She has used this approach to investigate the impact of different belief systems and cultural norms on present-day sexual practices in Papua New Guinea. "As far as I have been able to establish, such a systematic approach to stemming the Aids tide has not yet been tried anywhere in the world," she says.

But academics are often contemptuous of her methods. This is partly because she recognises that traditional academic research takes too long and is usually bound within one discipline. Over the years, Epstein has been employed as a consultant for myriad aid programmes, government and non-governmental organisations including the World Bank, and she knows that planners need results in months rather than years.

Another reason for the criticism is the way she uses aspects of commercial market research, which can draw on different disciplines such as economics, anthropology and psychology, to get accurate information from the local population. She feels this is vital in framing a policy that will work in the fight against HIV/Aids in a community where people believe that someone dies not from Aids but from sorcery or witchcraft.

"If they believe that the illness is a result of a spell, against which they cannot protect themselves, what is the point of suggesting they use a condom? You need to understand that before you can make a carefully constructed answer that will persuade them to act differently," she explains. Another difficulty is that promiscuity is a cultural norm in Papua New Guinea, a hangover from a time when infant mortality was high.

One of Epstein's weapons in the battle against HIV/Aids is a monthly column called "Scarlett's Letter" in The National , a Papua New Guinean English-language newspaper. In a recent column, she urged the introduction of a national Brown Ribbon Day to protest about violence against women. She also pointed out that some men in Port Moresby, the Papua New Guinean capital, regard HIV/Aids as primarily a women's problem because an awareness-raising poster campaign pictured women and children only.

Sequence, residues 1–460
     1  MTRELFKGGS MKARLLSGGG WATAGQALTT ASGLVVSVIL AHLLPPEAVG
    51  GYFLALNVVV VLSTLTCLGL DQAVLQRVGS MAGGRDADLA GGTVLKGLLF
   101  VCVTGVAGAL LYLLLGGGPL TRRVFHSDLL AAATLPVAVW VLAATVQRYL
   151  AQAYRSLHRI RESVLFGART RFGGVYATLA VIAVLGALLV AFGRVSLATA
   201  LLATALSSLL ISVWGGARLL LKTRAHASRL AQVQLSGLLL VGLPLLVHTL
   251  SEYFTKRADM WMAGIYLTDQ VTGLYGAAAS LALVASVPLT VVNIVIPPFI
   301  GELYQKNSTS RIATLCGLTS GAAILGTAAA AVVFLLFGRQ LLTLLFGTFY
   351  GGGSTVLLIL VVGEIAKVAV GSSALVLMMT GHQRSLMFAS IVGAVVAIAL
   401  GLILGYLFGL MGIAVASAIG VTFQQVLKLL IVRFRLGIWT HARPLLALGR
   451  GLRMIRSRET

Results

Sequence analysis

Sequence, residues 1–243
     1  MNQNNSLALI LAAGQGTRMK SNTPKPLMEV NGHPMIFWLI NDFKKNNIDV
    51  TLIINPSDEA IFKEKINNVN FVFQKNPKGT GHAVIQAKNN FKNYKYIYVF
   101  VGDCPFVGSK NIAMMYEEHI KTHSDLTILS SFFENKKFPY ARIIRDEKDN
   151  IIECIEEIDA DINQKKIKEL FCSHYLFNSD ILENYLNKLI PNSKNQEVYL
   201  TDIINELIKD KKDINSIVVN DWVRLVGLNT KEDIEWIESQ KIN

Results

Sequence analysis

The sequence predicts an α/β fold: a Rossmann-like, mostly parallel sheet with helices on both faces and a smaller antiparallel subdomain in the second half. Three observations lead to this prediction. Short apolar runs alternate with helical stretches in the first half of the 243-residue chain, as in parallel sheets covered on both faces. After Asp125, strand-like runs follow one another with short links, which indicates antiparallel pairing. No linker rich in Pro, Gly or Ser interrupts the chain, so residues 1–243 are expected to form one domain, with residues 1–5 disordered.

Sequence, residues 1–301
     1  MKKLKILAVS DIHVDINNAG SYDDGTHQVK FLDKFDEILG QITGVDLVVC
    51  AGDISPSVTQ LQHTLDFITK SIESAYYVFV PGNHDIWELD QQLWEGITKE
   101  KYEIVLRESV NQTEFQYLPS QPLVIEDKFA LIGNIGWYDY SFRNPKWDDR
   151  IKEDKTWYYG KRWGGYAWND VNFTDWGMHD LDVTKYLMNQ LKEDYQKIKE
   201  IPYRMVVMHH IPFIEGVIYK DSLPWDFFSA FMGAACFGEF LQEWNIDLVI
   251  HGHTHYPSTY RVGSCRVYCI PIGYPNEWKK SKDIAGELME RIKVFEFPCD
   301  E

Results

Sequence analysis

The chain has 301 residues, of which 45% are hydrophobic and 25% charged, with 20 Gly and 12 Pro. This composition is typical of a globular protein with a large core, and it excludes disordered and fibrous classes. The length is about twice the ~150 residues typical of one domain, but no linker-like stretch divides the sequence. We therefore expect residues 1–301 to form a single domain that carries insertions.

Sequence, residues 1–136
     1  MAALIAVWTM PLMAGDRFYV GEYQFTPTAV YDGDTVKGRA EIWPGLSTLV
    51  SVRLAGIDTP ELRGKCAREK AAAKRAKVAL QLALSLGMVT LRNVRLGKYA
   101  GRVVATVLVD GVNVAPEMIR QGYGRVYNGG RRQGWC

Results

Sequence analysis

"The men have got to be put in the picture, and not just literally," she says.

Epstein has been helped considerably in her mission by the attitudes of senior staff at the Divine Word University. She is sensitive to orthodox Catholic teaching, which forbids the use of condoms, in a country that has a significant Catholic population. But she is full of praise for a Franciscan priest at the university who maintains, "God wants you to survive and, if that means using condoms, people must learn how to survive."

In her eighties, Epstein still burns with energy and ambition, making daily visits to the gym when in England. She is involved in making a documentary called Back to the Village , whose message is that you cannot impose top-down solutions on a community from the heights of the academic establishment.

"You must try to see the world through the eyes of the people you are trying to help and appreciate their aspirations," she insists. "Many academics have failed to do that."

She says what motivates her is not religious faith - "I never believed in God" - but a deep-seated desire to help the poor and disadvantaged "because I can never forget that I too was poor and disadvantaged". Technically speaking, Epstein is not a Holocaust "survivor" - a term applied to those who survived the Nazi camps. However, since arriving in England, she has survived a broken wartime marriage, several miscarriages (she now has two daughters and four grandchildren), breast cancer and cervical cancer, which was diagnosed in 1991. The surgeon gave her a one in three chance of survival, and it was then that she decided to write Swimming Upstream , her autobiography, published last year.

"I wanted to write this book to give other women in my situation courage. I wanted to show girls like the ones I machined with that they did not have to spend the rest of their lives doing that. You can get out."

Swimming Upstream is published by Vallentine Mitchell, £17.50. Special offer for Times Higher readers £14.00, with postage and packing free in the UK. Call 020 8952 9526, quoting THES06.